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‘The Glass Castle’ leaves you wanting more

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“The Glass Castle: A Memoir,” by Jeanette Walls, was published in 2005 and was on the Best Seller list for 100 weeks. With that kind of publicity, one would think this would be a marvelous book. The story details the life of Jeanette Walls, as she grew up in her (more than) dysfunctional family.  
Moving from Arizona to California to Virginia in a matter of a few years, with periods of homelessness, the family was dirt poor. Walls reflects on all the emotional damage done by her mother and father, and the book becomes extremely emotional extremely fast.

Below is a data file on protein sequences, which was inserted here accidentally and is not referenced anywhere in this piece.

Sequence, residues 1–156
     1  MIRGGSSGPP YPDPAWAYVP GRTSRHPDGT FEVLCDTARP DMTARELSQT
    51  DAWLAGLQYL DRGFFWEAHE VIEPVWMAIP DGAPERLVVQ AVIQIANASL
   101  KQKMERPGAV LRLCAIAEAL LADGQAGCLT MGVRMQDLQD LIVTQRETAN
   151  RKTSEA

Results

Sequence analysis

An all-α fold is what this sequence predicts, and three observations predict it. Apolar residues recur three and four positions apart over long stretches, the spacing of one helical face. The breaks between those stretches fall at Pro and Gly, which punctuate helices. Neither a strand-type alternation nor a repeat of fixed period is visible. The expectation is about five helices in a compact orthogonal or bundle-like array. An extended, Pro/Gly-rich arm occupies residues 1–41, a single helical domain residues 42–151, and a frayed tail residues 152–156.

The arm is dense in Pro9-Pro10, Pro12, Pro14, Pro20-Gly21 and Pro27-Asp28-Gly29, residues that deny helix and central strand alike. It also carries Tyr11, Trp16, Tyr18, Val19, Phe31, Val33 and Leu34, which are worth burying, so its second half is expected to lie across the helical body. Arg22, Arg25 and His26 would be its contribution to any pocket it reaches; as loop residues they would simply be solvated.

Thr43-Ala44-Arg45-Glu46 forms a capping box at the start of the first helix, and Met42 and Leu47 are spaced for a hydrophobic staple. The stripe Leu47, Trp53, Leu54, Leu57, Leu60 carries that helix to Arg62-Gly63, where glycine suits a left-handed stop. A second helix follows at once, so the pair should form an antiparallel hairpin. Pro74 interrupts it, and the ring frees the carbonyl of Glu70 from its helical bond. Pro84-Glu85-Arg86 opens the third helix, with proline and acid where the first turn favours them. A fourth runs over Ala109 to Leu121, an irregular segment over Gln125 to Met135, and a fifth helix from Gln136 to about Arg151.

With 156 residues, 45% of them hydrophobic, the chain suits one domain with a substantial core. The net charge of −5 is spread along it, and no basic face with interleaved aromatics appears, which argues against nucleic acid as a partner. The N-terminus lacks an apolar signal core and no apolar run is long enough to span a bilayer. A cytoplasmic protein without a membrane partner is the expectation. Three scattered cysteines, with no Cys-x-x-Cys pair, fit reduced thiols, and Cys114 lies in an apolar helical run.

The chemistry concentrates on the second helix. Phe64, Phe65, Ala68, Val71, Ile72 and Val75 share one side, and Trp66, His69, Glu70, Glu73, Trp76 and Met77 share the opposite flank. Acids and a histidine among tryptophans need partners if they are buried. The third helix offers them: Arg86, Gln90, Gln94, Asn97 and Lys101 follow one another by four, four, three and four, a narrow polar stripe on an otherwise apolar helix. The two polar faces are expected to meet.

The sad tales of her father’s drunkenness and her mother’s self-pity makes the reader feel incredibly sorry for the young girl and her three siblings. A large majority of the book is set in Welch, Va., in their makeshift cabin. The stories of her hardship never quite get any more depth than the story itself, letting the reader yearn for more. There is not much depth to the book, except what the reader makes of it.
Overall, the book leaves the reader feeling somewhat happy with the successful ending, but feeling a sense of wanting a little more depth to the story. There are several curse words and explicit parts, but nothing too outrageous. The book is best suited for teens and adults.

--Katelyn Colllier is a senior at Los Alamos High School.